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16

Yes, they did. Not all, but a very many, especially the more veteran soldiers. I don't have time to get sources together, but will when I do. Reasons were varied. Some believed that being close to over-pressure events (artillery, etc) could cause a head injury with the large helmet being force up and the tough leather strap breaking the neck. This was ...


10

Yes, many did. An image search reveals plenty of examples. Although I've found few with the straps hanging, most have the straps secured tightly behind the helmet. BAR Gunner, 1st Marine Division, Wana Ridge, Okinawa 1945 Three reasons are cited (and one which is my own speculation). In close combat, an enemy can grab the visor. The idea here is an ...


3

"Sweden emerged physically unscathed from World War II." That was the whole point of its neutrality. Other Scandinavian countries suffered more because they were "involved." In Sweden's case, there was no fighting, no occupation, nothing related to war, hence "unscathed." How did Sweden emerge morally unscathed? First, even Germany and Japan were forgiven ...


3

By the tone of your question, you're seeing WWII as a crusade against evil where there can be no neutrals, and in hindsight I agree. The laws of war didn't use these categories at the time. Being neutral can mean trading with both sizes equally, or with neiter one. If one of the belligerents is closer and trades more, that happens. The US transported lend-...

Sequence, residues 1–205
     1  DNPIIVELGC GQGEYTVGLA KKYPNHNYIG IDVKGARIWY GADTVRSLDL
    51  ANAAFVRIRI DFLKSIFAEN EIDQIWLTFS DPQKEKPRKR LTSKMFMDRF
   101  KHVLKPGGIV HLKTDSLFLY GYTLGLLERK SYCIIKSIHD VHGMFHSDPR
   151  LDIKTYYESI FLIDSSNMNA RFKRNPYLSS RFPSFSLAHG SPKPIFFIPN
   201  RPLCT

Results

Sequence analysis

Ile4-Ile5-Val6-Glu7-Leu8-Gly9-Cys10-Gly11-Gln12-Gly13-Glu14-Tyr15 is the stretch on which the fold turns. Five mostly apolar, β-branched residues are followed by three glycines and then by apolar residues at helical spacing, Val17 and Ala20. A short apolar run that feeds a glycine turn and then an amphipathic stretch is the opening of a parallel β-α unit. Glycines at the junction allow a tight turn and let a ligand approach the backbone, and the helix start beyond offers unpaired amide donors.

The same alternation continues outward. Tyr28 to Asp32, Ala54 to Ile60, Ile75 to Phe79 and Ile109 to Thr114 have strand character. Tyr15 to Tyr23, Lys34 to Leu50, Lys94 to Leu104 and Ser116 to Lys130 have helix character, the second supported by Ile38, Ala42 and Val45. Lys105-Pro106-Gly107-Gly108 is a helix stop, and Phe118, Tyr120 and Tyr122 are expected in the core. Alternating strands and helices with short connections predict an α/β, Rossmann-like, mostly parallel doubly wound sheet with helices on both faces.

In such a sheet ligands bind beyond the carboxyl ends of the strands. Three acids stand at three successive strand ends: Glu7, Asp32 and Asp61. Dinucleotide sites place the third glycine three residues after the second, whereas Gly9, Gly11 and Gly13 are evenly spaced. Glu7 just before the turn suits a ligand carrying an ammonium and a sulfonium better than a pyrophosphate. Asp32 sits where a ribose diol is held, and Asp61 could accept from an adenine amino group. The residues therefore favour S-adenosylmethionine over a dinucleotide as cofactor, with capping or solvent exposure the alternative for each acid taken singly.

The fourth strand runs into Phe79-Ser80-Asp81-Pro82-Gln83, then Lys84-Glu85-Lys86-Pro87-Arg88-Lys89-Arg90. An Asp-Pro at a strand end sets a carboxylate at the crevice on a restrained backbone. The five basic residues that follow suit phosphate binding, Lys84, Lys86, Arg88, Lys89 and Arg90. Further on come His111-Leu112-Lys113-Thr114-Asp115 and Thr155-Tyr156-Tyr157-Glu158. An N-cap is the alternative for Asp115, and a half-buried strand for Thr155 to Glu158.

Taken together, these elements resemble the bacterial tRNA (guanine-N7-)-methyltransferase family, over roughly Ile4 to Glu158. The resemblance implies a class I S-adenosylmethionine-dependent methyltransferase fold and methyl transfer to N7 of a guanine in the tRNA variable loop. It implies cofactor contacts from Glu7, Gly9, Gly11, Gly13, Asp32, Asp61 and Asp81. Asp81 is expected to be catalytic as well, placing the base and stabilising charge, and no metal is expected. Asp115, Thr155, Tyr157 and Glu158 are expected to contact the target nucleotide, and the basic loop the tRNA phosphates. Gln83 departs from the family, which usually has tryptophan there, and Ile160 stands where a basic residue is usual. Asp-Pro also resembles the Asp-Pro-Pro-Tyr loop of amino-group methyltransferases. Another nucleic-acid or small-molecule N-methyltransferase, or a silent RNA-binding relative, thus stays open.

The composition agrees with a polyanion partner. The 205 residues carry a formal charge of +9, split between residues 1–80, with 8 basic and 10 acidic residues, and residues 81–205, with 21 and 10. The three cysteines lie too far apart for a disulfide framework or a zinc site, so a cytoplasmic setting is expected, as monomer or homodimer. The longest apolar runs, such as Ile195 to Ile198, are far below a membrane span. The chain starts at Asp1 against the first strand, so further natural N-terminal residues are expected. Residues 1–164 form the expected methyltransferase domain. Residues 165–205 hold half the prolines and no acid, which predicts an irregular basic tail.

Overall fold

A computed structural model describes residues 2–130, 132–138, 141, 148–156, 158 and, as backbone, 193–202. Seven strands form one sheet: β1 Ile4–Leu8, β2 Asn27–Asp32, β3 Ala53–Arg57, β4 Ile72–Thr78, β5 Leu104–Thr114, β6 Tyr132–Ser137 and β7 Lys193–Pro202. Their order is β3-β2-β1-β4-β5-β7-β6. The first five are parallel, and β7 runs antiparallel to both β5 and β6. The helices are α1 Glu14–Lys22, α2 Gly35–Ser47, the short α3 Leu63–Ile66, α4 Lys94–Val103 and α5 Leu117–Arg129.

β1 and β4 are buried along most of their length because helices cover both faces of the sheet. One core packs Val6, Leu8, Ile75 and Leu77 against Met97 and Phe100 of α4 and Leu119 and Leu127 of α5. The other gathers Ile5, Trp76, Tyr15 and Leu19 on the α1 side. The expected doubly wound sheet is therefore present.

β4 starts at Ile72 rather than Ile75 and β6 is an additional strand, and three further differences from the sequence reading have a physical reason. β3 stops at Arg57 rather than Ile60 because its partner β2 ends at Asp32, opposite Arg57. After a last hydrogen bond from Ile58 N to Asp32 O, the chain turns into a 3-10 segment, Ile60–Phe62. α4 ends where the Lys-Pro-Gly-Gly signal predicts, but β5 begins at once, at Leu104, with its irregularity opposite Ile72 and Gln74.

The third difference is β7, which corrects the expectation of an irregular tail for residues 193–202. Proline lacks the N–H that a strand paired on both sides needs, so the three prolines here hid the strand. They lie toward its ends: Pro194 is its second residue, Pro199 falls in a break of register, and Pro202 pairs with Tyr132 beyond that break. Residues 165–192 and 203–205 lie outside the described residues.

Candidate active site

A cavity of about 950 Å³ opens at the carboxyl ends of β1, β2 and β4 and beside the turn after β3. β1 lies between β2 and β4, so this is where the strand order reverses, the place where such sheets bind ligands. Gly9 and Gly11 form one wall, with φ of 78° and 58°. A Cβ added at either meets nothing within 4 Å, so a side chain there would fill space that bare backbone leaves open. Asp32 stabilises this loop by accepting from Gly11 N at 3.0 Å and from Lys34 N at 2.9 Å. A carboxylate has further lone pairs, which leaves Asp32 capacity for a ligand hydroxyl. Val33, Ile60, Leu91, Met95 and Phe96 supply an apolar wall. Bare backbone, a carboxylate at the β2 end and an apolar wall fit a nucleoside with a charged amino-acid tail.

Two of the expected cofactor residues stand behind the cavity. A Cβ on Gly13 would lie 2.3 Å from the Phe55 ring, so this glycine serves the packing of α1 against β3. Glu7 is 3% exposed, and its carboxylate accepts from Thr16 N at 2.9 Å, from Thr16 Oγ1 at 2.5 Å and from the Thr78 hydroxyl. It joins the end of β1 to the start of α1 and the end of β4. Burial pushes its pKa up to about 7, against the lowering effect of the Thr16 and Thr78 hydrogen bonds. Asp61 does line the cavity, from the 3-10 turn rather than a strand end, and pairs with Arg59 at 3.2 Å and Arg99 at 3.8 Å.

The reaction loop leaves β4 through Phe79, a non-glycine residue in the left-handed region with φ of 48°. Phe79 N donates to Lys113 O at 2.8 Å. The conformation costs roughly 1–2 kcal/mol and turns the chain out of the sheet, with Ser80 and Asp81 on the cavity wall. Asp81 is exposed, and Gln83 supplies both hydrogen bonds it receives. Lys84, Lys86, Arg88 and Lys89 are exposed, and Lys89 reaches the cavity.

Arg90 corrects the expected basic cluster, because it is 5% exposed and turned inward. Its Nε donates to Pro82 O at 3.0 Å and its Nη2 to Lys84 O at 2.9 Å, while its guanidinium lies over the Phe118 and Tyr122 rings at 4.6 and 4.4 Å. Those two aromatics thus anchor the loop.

2

Yes weaker powers rarely attack their much stronger neighbors. A wise general never starts a war he can't win. But if there are many small states then they will fight each other a lot, think medieval Europe. There are a few cases where weak powers attack stronger foes. One is a rising or falling power A weak power is growing quickly in strength think ...


2

Your question can be broken down into several parts. Did the NATO-led coalition deliberately try to topple the Gaddafi regime? I think we can all agree on a "yes" to that one. In doing so, did they exceed the mandate of Resolution 1973? I don't think we will get a clear answer on that. The text calls for much more than just a no-fly zone, but it ...


1

No, there is at best a weak correlation between national size and tendency for belligerence. Some examples of "small" states that started significant wars: Recent declaration of statehood by I.S.I.L. North Vietnam attacking the U.S. ally South Vietnam Italy (very definitely the junior partner of Germany and Italy) invading Greece in 1940. Nazi Germany ...



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